Walking to your office
So those are some ideas of what you can do to incorporate meditation on the way to work. Same thing when you leave your car to walk into the building. Use the walk to your office to practice walking meditation. That doesn’t mean you have to walk super slow; just be conscious while walking. Hear the birds, or jackhammer, or cab honking, or fans above your head as you walk underneath. And notice your feet walking over the concrete, notice your breath as you walk in various situations. Is it hurried as you walk over the boardwalk? Does it slow down as you walk on a quiet hallway?
Each breath is unique, and each breath will inform and teach you about how present, relaxed, or tense you are in that moment. Is your breath coming from your chest or your abdomen? The lower and more relaxed your belly and breathing, the more beneficial for your oxygen distribution and your well-being. If your breathing is tense, don’t worry, just keep practicing. With consistent practice, it will over time get relaxed more often, and you’ll start enjoying the present moment more and more. This will happen even in parts of your life that you previously thought were “boring” or “tedious”.
So now you’re at the office, how do you open the door? Is it conscious, or on auto-pilot? How do you greet your workplace by way of opening the door and entering into what is a Big part of your life? This stepping into your office may be a good time to internally think about some of the reasons why you are grateful to have this particular job (even if it is not what you want to do the rest of your life). Being grateful as you get in the office will help you feel good about why you are there at that time, and is likely going to make your day more satisfying.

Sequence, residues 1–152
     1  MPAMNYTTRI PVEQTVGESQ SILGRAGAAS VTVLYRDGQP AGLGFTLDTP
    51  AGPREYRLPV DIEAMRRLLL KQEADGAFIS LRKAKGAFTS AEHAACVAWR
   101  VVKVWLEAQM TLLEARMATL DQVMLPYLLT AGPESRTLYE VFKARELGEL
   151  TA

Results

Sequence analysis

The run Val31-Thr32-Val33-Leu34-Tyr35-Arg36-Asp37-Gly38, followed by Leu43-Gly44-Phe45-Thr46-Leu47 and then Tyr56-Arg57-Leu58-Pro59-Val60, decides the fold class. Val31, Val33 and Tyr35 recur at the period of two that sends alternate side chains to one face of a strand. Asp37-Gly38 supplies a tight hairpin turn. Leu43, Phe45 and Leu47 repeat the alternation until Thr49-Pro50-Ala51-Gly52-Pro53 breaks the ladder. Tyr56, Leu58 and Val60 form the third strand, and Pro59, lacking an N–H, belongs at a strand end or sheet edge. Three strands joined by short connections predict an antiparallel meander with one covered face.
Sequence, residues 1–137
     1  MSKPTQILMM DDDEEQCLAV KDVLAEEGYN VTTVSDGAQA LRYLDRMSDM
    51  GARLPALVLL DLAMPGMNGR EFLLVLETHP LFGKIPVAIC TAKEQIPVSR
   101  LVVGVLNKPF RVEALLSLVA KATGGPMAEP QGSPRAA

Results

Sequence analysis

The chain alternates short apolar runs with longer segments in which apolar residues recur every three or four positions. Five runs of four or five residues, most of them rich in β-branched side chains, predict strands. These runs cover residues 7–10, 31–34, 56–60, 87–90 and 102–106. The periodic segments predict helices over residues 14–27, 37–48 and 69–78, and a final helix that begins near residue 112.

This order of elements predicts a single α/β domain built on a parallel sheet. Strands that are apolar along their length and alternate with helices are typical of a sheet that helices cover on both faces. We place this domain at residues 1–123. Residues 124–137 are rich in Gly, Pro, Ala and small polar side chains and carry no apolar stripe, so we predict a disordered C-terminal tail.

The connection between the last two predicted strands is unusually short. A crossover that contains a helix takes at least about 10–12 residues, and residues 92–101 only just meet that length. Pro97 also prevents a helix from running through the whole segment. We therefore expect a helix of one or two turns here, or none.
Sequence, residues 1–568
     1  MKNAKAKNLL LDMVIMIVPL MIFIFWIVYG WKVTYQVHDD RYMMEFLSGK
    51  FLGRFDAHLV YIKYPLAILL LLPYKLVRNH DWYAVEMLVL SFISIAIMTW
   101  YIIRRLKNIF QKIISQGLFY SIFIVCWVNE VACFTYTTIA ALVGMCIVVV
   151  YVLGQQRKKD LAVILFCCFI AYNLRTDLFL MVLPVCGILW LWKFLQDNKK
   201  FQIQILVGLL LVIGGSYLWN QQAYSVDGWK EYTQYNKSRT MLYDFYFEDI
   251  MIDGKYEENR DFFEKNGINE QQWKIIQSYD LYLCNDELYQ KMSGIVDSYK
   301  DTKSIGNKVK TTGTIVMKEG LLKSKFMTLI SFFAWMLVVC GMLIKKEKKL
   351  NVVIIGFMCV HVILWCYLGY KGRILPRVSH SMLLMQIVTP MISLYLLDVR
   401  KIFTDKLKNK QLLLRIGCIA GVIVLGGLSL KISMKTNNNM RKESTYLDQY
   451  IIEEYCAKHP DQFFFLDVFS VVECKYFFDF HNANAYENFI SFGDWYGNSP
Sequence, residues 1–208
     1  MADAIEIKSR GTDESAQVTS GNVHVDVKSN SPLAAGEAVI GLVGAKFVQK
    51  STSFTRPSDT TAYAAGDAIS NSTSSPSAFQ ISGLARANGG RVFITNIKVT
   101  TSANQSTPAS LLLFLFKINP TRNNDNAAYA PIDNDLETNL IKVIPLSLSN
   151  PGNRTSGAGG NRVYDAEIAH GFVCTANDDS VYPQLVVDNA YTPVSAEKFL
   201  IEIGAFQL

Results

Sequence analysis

Sitting Down into Your Office Chair
So now you sit down to get started on working. That moment of sitting down, just like in the case of getting into the car or subway, is another opportunity to take a few breaths. Check your posture, that it is upright and not tense. Same with your arms, if they’re tense from holding the mouse, it will manifest itself as tightness in your shoulders and neck.
Now the trick is to maintain that upright posture throughout the day. And of course it is very easy to get totally absorbed in your tasks and end up slumping towards your screen or sitting way too long at a time. So here are a couple of ideas you can try to avoid that slump, which then turns to fatigue as the day wears on, if not checked.
What has worked well for me while working in various job environments and continues to do so, is setting timers. I’ll link to a couple of options here. You can use a Youtube meditation timer, such as this 8 hour video, with a mindfulness bell or bells going off, every so many minutes.
You can also install a mindfulness timer app on your computer or smartphone, to help remind you to get up and move around or meditate for a minute or two. I’ve also tried kitchen timers, however, the mindfulness bells sound way nicer!